Mount Mansfield Electric Railroad

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The Mount Mansfield Electric Railroad was an intrastate railroad in central Vermont. It ran from Waterbury to Stowe, a distance of approximately 12 miles (19 km).

History[edit]

An electric railroad between Stowe and Waterbury, connecting with the Central Vermont Railway, was authorized by the legislature of Vermont in 1865, 1872, 1888, and 1894. Not until 1897 were sufficient funds raised and construction started. A power plant was built at the south end of the Stowe town, outside of the village, along with a battery house just north of Colbyville village, and service began in 1898. The line operated three passenger cars with baggage areas, two freight motors, a single truck work car which was basically an open-air trolley, and a doubled-ended rotary snowplow. This last saw minimal service, as the unit damaged the track and neighboring structures, and was not effective at the Waterbury end of the railroad due to low current. One of the passenger cars was damaged in a wreck early on and removed from service almost immediately.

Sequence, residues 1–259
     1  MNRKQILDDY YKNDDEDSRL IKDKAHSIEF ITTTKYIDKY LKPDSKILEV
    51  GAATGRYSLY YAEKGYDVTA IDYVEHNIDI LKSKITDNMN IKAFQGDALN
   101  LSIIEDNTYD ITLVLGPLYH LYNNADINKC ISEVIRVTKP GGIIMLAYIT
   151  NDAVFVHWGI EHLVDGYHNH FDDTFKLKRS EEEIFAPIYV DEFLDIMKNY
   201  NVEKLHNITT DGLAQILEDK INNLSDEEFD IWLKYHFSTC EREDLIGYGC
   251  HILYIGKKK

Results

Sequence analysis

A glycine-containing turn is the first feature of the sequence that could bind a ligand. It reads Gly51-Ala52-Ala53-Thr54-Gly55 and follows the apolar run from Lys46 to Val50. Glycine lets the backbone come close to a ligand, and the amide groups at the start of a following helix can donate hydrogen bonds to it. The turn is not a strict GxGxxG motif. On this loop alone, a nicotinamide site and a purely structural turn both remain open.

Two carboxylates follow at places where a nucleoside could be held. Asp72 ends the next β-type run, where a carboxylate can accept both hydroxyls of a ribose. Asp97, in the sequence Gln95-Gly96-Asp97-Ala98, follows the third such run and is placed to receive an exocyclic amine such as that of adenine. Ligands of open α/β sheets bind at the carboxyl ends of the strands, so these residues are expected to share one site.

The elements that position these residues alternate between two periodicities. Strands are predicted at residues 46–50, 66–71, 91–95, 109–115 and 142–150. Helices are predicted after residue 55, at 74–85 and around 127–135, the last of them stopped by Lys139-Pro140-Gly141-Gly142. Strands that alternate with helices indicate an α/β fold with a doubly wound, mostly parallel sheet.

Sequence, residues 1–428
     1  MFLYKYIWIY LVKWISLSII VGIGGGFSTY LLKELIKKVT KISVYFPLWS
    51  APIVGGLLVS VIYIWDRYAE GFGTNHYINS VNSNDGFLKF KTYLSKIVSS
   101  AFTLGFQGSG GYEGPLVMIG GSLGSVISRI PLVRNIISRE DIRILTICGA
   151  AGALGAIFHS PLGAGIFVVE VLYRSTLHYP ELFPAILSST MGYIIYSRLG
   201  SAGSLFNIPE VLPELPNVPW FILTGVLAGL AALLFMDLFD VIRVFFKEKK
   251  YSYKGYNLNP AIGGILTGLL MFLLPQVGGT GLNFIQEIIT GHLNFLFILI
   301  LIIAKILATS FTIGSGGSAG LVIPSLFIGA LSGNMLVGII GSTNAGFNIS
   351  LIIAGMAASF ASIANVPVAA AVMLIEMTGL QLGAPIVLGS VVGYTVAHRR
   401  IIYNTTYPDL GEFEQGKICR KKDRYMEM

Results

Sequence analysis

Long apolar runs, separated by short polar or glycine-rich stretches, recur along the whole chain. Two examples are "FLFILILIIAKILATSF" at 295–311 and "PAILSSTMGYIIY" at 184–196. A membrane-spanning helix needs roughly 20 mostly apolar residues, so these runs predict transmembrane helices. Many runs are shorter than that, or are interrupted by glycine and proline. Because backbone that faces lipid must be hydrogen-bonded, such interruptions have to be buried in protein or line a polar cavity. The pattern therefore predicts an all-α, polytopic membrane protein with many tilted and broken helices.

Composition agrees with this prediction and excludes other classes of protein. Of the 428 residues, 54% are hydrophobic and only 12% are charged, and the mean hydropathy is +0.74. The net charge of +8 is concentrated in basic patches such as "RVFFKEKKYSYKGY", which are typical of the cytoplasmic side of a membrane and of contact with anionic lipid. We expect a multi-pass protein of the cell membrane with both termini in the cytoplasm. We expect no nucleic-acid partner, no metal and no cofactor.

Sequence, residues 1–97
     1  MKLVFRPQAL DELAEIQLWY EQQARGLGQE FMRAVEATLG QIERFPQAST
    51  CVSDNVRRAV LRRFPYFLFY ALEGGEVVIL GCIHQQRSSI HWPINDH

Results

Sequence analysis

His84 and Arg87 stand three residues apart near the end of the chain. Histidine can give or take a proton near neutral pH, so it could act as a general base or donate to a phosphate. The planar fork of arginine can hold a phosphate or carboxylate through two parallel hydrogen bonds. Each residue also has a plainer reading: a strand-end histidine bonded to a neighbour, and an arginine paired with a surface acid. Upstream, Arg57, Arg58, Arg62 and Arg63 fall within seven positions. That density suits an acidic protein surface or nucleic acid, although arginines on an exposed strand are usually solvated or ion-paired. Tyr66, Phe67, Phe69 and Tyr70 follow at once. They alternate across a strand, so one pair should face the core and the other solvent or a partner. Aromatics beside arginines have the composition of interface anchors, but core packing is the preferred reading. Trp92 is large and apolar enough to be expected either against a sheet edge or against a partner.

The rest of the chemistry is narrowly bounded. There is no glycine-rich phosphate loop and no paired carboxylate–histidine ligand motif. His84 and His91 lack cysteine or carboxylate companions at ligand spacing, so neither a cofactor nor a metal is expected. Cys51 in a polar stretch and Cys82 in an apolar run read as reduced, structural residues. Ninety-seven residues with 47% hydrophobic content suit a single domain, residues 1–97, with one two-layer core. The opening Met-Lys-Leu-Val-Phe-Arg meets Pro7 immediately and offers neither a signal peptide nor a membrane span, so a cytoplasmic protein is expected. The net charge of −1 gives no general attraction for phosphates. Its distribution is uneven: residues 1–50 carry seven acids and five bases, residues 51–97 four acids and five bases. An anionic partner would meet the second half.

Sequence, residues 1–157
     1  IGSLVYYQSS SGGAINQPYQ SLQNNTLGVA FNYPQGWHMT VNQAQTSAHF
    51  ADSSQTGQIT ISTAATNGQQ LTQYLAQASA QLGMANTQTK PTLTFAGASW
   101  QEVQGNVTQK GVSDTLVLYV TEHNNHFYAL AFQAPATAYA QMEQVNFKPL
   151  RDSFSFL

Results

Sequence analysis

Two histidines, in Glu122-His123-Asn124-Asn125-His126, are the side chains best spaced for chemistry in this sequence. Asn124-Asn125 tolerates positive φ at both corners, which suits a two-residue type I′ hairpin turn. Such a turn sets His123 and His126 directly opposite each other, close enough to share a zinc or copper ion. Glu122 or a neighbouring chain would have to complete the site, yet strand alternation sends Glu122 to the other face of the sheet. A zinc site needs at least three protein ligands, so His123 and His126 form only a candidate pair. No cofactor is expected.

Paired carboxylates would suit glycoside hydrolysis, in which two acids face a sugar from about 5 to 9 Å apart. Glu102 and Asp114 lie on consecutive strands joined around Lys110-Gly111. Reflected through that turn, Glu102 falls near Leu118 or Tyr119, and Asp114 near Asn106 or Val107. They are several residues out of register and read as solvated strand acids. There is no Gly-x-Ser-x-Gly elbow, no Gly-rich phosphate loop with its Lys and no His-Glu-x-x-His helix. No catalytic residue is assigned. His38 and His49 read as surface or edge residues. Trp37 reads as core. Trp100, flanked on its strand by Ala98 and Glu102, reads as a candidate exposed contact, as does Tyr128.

Traffic on the line was never heavy, with the primary shipper being the Burt Lumber Company in Stowe, which shipped clapboards and other wood products to the Boston area. Damage from the 1927 hurricane-related flooding was minimal, but traffic declined further in the early 1930s, and the right-of-way was passed to the state of Vermont in 1932, which promptly turned much of the roadbed into the first concrete paved road in the state, Vermont Route 100.

The corporate structure of the MMER remained until 1963, operating trucks which carried goods over the new concrete road from Stowe to the train freight station at Waterbury.

Stations[edit]

An 1897 timetable listed the following stops from south to north:

The Stowe terminus had a covered station in the back of a storefront. That building still stands on the south side of the main street in the village, but has been extensively renovated. Small stations were built at the side road leading to Moscow, Vermont, and in Waterbury Center. There was no station at the Waterbury end of the line, and passengers used the Central Vermont Railroad station (still in existence), and freight was carried to the freight depot. There was an interchange and boxcars and loads of coal made their way over the entire line by use of the freight motors.

References[edit]

  • Jones, Robert C., Railroads of Vermont, Volume II, 1993.
  • Chase, Jerry W., Waterbury (Vermont) Historical Society Newsletter, Summer 2003